Release Date: October 15, 2013
Despite the love songs, the tempered tempos, and the “You say ‘cluster’ / I say ‘fuck’!” call-and-response joke, the Dismemberment Plan’s first album in 12 years is not dad rock. Non-manchild rock, maybe. Many of us would love to live on a planet where a “dad rock” album is introduced by the lines, “You hit the spacebar enough and cocaine comes out / I really like this computer!”; but there’s only room for one They Might Be Giants in the world.
That indie rock’s most personable band has made a shirt-and-tie (but no blazer) pop album a dozen years after their mellow-yet-tense presumed finale Change might surprise no one. Long before Uncanney Valley was even a rumor, or the word “poptimism” had become a cliché, friendly-yet-combustible D-Plan frontman Travis Morrison had enthused publicly about everything from “Save the Best for Last” to “Back That Azz Up.” But the formal inversion the band pulls off here has little precedent in rock history, or even in this band — it moves even further afield from the D.C. quartet’s old work than Morrison’s polarizing solo albums.
The Dismemberment Plan once simplified complex music by sweetening unthinkable time signatures and key shifts into verse/chorus manna à la Steely Dan, but now they’ve made a deceptively simple album with complexities you could miss by blinking. “Daddy Was a Real Good Dancer” is one of the most straightforward songs that Morrison’s ever written, with almost childlike A-to-B narration (“Until he had me / And then he threw his dancing shoes away”), before the crashing awareness of the vow, “I hope I’m not a mystery to those who knew me best” dims the bright-eyed gentleness considerably. And his big five-minute love song “Lookin'” is full of fond minutiae that would make Brad Paisley proud: “Once he wanted to paint her naked / Now he only wants to paint her.” Plus, he blurts out, “I’m lucky that you love me” without signing to a major label, or even a major indie.
Few bands wear their jobs on their sleeves like the Plan. Morrison famously spent time as a developer for the Huffington; and for NASA engineer Joe Easley, being one of the world’s best drummers is only his second-most-exciting gig. Plus, if there was ever a rock star who was likely to marry a Slate editor, it’s Travis Morrison. But this transparency also could be the reason he never identifies the “White Collar White Trash” that he means to call out on a song that leaves things too open-ended. Despite the full dismissal of punk roots here — the blended-in drumming, the lack of rollercoaster twists and turns in the tempos and time signatures — Uncanney Valley‘s only real stumbles are lyrical.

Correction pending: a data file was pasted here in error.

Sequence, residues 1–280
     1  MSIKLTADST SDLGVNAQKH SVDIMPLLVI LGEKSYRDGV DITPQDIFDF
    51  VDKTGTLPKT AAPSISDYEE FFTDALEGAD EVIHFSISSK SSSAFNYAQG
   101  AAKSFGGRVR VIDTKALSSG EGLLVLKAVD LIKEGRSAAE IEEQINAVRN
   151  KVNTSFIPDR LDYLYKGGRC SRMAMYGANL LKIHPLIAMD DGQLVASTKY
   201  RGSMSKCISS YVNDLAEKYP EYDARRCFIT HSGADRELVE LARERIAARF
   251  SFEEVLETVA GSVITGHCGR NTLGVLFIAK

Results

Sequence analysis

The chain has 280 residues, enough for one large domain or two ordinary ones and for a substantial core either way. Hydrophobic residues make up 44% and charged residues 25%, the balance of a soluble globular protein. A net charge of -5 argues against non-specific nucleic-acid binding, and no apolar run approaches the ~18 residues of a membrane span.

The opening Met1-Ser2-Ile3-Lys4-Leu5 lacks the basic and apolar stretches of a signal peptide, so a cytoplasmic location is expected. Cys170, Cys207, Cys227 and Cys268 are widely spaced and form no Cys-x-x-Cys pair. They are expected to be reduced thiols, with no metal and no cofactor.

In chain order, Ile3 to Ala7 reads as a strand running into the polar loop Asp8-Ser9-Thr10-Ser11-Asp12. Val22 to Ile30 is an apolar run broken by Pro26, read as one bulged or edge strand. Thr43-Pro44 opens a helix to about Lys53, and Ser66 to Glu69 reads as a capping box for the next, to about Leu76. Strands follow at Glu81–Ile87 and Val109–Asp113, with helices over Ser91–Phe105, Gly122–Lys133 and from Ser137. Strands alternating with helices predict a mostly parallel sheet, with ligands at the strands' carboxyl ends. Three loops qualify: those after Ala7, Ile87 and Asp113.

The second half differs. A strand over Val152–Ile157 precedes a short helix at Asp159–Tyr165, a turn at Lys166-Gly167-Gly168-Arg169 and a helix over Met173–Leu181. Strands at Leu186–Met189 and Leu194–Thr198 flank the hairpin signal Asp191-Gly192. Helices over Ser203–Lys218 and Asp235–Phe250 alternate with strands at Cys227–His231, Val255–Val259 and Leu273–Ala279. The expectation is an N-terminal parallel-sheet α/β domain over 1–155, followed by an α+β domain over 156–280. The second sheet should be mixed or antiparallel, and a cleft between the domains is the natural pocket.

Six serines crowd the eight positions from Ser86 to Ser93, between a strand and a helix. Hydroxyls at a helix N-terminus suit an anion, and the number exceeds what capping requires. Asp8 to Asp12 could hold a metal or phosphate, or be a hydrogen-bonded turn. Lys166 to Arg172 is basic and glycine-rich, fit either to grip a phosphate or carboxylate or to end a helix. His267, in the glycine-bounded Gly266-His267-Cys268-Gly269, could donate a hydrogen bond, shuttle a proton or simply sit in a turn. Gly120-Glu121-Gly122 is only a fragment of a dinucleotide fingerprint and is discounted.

Indeed, only Morrison knows what “I’m a like a fat nun on drugs / Drowning in hugs” means, or why he keeps returning to the image (other than to remind people he’s still self-consciously wacky — a legit boon in 2013). His barely upright rapping on the single “Waiting” seems all too intent on re-establishing his gleeful dorkiness. But by track three, the sample-based slow burn “Invisible,” we’re in familiar Plan territory, alone in a new city with such eloquent jitters as “biting my nails and calling it dinner.” As on Change, they save the goodies for last, with the Devo groove of “Mexico City Christmas,” arena-ready chant “Go and Get It,” and soulful four-on-the-floor jam “Let’s Just Go to the Dogs” getting us over and out.
But the key track for the new phase of these national treasures’ careers is “Living in Song,” which starts with a palm-muted, synth-dance riff taken straight from Poly Styrene’s “Toytown,” and name-checks “Basquiats” and “Koons,” presumably because, like Jay Z, Morrison is now in his forties. But the lyrics imagine a permanent touring life that these husbands and fathers ultimately turned down: “Oh man, I hope I’m not wrong / Losing everything and living in song / And I know that we didn’t try / When we were rolling side by side.” They pour one out for the nervous (if witty) post-punks they used to be, the ones who didn’t get to middle age. And then they celebrate being someone new.